If one were to extrapolate a quintessence from one of Christianity's most important prayers, the 'Lord's Prayer', it could be the issue of trespassing, expressed as “forgive us our trespasses.” The crux of the matter lies in the etymological understanding of the word “trespass”, meaning to unlawfully enter a territory or a space. This territory of course could extend from the physical/ geographical, as in the quare clausum fregit sense, into a spiritual transgression or offense as in the above context of sin. 

Humanity's quest to protect it's territory is nothing new and the greed to acquire more territory for itself has only gained higher heights. This importance of increasing space was highlighted by Michel Foucault's proclamation in his 1967 lecture, “Of Other Spaces – Heterotopias”:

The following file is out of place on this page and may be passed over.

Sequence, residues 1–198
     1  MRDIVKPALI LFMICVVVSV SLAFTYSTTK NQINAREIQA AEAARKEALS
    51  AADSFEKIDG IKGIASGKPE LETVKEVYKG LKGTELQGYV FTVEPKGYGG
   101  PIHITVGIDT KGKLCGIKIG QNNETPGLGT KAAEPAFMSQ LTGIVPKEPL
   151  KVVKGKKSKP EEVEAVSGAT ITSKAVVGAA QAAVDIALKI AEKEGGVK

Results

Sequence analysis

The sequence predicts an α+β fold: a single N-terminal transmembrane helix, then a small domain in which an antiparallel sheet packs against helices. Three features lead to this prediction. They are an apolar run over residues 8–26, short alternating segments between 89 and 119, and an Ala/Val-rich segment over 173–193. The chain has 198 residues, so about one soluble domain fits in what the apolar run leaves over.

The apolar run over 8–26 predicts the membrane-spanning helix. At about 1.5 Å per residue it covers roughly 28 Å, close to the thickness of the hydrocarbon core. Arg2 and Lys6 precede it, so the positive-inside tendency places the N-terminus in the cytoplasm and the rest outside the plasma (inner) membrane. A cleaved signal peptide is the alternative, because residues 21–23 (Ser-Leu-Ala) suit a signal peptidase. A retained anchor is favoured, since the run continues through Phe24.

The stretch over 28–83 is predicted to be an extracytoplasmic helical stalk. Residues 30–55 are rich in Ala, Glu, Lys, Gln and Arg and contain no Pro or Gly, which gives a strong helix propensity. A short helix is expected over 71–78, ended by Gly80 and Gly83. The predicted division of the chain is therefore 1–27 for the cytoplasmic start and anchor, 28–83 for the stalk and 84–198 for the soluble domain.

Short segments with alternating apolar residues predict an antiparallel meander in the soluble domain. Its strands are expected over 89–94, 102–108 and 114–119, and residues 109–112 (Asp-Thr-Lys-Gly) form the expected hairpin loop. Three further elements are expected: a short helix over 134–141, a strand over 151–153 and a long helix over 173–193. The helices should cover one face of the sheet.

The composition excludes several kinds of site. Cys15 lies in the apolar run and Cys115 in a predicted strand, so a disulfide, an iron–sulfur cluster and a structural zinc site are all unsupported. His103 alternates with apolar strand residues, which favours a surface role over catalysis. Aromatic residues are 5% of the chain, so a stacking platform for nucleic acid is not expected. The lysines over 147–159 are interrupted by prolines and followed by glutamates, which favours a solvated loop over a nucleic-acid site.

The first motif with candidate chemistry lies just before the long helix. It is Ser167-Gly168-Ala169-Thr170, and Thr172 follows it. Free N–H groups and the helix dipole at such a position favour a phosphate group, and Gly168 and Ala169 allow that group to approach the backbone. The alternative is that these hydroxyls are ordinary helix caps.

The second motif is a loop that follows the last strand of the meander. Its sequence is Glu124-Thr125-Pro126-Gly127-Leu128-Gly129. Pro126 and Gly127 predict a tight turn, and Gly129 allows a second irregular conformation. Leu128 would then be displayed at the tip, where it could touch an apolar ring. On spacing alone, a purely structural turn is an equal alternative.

The present epoch will perhaps be above all the epoch of space. We are in the epoch of simultaneity: we are in the epoch of juxtaposition, the epoch of the near and far, of the side-by-side, of the dispersed.1


The essence of this statement being, the importance of space, the occupation of space, and the communication within space will be the vanguard of our time. If this should be the case, the mere thought of trespassing, whether by moral infringement or physical encroachment, would then be a gross misdemeanor. At least this is the impression one gets from contemporary society whose limits seem to be molded, inter alia, around economic principles of space consumption and growth, which can be construed with some fantasy from Susan Sontag’s statement:  

One set of messages of the society we live in is: Consume. Grow. Do what you want. Amuse yourselves. The very working of this economic system, which has bestowed these unprecedented liberties, most cherished in the form of physical mobility and material prosperity, depends on encouraging people to defy limits.2